Paradise city


Mexico’s crime and violence MTV’s Spring Break doesn’t show you

Lauren Golosky

It’s that time of year again.

It’s when Canadians escape down south, ditching the parkas for some fun in the sun. One popular destination for families, students, and MTV alike is Mexico.

As prices drop, it seems to be the perfect winter getaway. However, the government of Canada’s Foreign Affairs department is urging Canadians not to travel south to Mexico.

Issued Jan. 31, 2011, the government’s travel report for Mexico states, “Canadians travelling to Mexico should exercise a high degree of caution due to a deteriorating security situation in many parts of the country.”

This report follows the latest reports of violent crimes reported to have happened in Mexico, particularly in northern areas of the country. According to the Canadian government, there are more episodes of crime violence near the American-Mexican border, where non-essential travel is strongly advised against.

But for University of Regina student Jennifer Marlowe, who is going to Puerto Vallarta, Mexico, with her family during Reading Week, the travel report is a nice gesture on the government’s part, but does not influence her decision whether or not to travel south this month.

“I feel that it’s good that they issued a warning, but it shouldn’t scare people too much,” said Marlowe. “If anything, it should encourage travelers to do some research on the places they stay and potential dangerous areas or activities.”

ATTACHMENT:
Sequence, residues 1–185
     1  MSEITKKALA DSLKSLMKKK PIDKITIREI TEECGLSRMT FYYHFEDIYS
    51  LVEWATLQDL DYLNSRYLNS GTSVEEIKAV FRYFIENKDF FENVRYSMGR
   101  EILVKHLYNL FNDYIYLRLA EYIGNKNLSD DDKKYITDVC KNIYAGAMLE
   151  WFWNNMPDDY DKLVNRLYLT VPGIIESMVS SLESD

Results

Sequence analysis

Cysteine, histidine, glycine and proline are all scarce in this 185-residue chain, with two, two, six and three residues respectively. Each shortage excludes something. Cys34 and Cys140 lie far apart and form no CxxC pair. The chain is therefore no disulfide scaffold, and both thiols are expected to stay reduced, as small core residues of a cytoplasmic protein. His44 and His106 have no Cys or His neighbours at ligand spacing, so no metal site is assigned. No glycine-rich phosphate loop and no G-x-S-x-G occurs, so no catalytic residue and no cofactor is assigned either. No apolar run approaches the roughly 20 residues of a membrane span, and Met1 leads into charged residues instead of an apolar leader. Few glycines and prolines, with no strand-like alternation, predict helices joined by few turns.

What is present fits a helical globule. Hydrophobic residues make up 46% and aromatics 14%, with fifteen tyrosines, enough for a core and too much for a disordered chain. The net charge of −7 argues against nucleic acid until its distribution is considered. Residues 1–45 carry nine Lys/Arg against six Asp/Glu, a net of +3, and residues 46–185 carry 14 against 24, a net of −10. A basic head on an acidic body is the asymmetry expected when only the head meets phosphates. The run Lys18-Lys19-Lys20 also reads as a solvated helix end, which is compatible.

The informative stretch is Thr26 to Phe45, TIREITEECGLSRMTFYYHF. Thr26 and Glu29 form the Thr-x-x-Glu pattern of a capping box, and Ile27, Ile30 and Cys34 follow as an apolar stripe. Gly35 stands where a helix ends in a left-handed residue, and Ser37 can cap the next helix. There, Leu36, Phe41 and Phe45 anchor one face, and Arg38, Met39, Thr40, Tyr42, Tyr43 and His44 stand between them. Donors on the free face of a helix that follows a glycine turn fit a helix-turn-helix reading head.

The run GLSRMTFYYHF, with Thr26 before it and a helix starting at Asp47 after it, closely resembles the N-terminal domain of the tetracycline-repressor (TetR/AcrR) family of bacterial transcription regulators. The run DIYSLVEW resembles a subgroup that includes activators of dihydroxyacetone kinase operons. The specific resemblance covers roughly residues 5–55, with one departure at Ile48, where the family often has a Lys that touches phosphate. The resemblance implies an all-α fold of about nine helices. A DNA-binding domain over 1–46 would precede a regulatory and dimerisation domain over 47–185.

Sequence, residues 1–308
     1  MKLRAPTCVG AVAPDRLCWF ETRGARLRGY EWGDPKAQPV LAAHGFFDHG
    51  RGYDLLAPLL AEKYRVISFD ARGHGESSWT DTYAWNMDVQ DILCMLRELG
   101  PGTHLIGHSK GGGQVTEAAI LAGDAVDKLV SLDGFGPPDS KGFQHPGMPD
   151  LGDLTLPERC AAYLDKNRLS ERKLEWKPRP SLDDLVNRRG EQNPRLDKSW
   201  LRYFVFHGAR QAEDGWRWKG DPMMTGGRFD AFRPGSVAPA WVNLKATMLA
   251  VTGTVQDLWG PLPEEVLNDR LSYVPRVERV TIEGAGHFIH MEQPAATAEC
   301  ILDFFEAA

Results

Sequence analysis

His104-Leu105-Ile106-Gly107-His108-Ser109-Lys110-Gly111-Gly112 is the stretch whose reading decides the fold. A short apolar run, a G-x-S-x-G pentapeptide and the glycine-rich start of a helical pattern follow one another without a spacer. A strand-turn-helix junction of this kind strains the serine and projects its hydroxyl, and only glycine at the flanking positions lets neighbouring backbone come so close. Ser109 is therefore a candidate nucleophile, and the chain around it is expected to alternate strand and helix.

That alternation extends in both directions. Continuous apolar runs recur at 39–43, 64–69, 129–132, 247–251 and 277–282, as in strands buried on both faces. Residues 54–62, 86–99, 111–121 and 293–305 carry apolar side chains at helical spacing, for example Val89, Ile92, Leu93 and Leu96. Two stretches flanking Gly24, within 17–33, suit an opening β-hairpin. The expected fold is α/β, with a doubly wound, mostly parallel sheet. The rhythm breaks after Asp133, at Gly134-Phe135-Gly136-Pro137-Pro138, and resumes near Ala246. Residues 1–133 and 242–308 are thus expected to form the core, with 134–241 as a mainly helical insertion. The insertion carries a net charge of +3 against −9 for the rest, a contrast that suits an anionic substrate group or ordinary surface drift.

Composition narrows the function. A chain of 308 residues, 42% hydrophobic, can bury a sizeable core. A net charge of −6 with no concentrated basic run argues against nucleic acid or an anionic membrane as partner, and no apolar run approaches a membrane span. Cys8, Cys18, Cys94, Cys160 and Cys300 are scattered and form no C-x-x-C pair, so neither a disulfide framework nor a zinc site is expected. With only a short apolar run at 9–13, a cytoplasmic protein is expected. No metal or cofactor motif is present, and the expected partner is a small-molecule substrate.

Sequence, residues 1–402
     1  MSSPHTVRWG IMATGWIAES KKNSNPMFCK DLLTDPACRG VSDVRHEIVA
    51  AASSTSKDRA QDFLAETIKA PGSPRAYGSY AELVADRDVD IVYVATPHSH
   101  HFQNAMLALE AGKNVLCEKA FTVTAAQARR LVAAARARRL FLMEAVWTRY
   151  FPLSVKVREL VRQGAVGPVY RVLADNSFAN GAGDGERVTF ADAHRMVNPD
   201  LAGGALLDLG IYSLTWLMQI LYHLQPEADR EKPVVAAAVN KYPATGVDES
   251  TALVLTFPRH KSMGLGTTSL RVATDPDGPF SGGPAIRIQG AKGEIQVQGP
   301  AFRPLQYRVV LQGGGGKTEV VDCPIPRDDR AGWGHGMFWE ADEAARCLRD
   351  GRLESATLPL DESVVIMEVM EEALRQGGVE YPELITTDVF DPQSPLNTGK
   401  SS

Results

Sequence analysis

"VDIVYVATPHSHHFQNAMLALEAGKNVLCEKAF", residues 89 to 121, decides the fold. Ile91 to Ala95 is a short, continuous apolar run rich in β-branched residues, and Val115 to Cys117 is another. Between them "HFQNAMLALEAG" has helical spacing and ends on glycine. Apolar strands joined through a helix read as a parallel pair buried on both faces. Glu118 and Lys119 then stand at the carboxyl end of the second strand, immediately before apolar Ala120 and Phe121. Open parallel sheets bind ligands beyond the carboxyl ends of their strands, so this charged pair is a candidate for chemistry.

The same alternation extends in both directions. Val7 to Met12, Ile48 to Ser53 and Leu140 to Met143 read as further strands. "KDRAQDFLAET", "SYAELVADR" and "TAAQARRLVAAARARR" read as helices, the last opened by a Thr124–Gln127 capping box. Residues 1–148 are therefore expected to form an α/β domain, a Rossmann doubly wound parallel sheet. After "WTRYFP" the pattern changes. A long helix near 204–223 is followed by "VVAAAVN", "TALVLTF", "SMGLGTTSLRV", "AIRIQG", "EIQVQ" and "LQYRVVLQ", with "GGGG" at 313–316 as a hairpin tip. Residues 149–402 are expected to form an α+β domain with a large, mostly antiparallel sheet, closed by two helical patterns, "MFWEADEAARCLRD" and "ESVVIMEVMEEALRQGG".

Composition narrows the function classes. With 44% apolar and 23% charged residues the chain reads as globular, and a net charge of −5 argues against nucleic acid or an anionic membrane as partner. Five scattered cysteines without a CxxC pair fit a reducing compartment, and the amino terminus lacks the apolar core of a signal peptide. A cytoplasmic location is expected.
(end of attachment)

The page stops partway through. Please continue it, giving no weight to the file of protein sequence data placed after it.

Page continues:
The question remains, will university students do the research, or will they just jump on the first plane to budget-friendly Mexico?

For the university demographic, Mexico is the supreme destination. Cities like Cancun offer fun and, quite often, an out-of-control nightlife. Add in sun and sand adventures, and Cancun could seem like a paradise. What most don’t think of is the crime and violence, potential threats to all travelers.

In recent news, Canadian travelers have gone missing in Mexico. Pirates are adding more than natural dangers to the water, as they are now known for attacking swimmers and people on watercrafts.

Dangerous situations are not easy for Canadian travelers to deal with. Canadians are accustomed to a certain reliability of the law which is lacking in Mexico. Once out of Canadian limits, there is little the Canadian government can do.

“Travellers are responsible for their own personal safety,” Foreign Affairs stated in the travel report.

But for Marlowe, and presumably the other university students jetting off on a destination vacation this upcoming break, news and travel reports won’t stop her from enjoying her vacation.

“I’ll take the same precautions I usually do, staying in touristy, busy areas, not wandering around on my own, and being part of a large group outside of the resort,” said Marlowe.

Although there for a good time, Marlowe will be cautious of alcohol abuse, as she knows how it affects people’s judgment, allowing them to make poor – and often dangerous –  decisions.

That can only be hoped for from the rest of the university demographic, stereotypically known for being rowdy party animals. MTV doesn’t help that generalization all that much, but at least they look like they’re having a good time.

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